I've mentioned a post or 2 back that I did go to an OA meeting.  It was okay - less awful and annoying than I remembered.  It is one that I believe I could go back to for reasons I'll talk about in another post.  For now, it is my intention to give up sugar in all forms and white flour for starters, and go to that one meeting a week.  I can't wrap myself around weighing and measuring everything I put in the temple, though I already do that with certain things because it's convenient and helps with portion control.  I still hate rigidity, but several people, including blogger Vickie from BabyStepsV have noted that my aversion to "rigidity" may be another of my addiction's tactics for keeping me away from true recovery.  Striving to keep an open mind on that one.  I appreciate honest reactions from others about my schtick...when it comes to food, my thinking is distorted.  I may not like being called on my bullshit, but I genuinely appreciate when it's honest and well-intentioned.

Finally - I do intend to begin posting each day, even if it's just a paragraph or 2, to chronicle this new phase of my journey.  I'm having a hard time building my own momentum with honest blogging when I'm so sporadic.  This time it's really for me.  And that means it may not be pretty.  But I can't not know the truth of myself now that I've been given the gift of true awareness of the status of my relationship with food.  I know I can be freed from that obsession just as I've been freed from alcohol obsession, and that's what I want.

11 comments:

  1. Sadly, none of what you wrote sounds like your're ready for the looney bin to me. :} It, of course, sounds exactly like what I think and do. sighhhhhh.

    Funny about the chips. I am not, really not, a chips person. A bag of any kind of chips could sit in my cupboard and I'd never be tempted to touch it. Sooooo, you'd think that when I went to a function the other day, that eating a few tortilla chips would be okay, huh? Well, you'd be wrong.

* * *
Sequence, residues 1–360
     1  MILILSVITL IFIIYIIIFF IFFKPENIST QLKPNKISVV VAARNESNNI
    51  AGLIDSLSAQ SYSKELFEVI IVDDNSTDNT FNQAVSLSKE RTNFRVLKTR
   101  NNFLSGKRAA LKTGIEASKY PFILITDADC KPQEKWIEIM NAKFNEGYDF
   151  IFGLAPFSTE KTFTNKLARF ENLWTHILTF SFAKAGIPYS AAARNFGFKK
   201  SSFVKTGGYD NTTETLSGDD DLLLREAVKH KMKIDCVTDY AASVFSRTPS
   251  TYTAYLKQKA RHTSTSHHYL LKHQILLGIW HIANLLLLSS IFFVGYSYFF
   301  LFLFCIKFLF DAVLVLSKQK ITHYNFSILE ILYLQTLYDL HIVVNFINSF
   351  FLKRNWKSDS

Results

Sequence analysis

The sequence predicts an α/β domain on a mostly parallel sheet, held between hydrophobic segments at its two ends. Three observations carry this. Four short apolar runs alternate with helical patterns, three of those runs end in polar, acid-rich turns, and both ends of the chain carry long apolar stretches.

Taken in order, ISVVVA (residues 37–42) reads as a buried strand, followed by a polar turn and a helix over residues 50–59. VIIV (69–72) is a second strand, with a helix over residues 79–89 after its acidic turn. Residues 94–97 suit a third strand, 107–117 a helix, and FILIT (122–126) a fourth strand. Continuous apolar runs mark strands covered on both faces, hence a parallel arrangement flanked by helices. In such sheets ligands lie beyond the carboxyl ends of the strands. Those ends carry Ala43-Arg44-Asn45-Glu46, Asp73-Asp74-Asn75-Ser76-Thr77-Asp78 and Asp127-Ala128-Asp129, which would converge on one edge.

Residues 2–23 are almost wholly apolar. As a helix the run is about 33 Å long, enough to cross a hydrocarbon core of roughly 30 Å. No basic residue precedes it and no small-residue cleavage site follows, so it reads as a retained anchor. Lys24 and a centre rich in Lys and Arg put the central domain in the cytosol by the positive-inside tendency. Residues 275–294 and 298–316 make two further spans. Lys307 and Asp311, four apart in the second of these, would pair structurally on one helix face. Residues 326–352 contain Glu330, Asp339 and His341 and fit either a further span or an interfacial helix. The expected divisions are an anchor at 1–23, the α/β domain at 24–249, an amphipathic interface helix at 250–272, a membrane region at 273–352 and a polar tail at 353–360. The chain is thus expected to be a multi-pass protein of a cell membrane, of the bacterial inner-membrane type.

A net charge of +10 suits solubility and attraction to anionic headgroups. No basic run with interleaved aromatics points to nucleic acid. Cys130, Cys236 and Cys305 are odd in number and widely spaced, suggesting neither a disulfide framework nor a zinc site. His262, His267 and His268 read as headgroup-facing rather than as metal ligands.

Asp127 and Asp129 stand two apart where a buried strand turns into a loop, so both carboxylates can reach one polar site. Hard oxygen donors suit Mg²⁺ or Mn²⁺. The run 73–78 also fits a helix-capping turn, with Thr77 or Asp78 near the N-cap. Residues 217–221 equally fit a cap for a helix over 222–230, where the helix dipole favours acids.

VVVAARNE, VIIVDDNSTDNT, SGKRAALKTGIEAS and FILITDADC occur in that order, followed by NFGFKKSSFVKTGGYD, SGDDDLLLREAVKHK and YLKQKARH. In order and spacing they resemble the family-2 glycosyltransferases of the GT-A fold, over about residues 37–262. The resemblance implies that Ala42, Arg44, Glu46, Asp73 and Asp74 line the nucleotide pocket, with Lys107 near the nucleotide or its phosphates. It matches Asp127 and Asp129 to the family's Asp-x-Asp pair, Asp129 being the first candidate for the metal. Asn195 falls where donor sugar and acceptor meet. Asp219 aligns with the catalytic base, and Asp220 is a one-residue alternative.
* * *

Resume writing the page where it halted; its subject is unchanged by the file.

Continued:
It was one of those perfect storm things that had a very odd twist to me and became a tornado. It was a social function at church. A women's thing. (Rread a situation in which I am totally uncomfortable and want to run scrreaming from the room.)

    They did not have a dinner, but they had a table of appetizers and desserts.

    Mistake #1. I did not check the talbe first before I took my insulin.

    Instead, I checked my glucose and found that it was 98. Good, but I was about to eat food that would be higher in carbs than I ordianrily woud eat, so I took a mini dose of insulin. Then went to the table.

    Ack. EVERYTHING had guten or mucho sugar (not one low cal dish? really?) The only low gluten thing were tortilla chips and salsa.

    Well, I had already taken the insulin on a low read, so I HAD TO EAT. The chips would be safe.

    Except that they weren't. I mean it, Leslie, the minute a chewed the first chip--I felt this rush along with a fired-up impulse to eat. I noticed it as it happened. I even looked to see if I had a super caffeine drink in front of me by mistake.

    And then you know what I did? I ATE. Made sevral--I mean SEVERAL--trips back to the table putting a couple cookies or a piece of cake on my plate at a time. Made excuses to go past the table and picked up a cookie and popped it in my mouth before I got back to my seat. I was embarrassing! I completely lost control.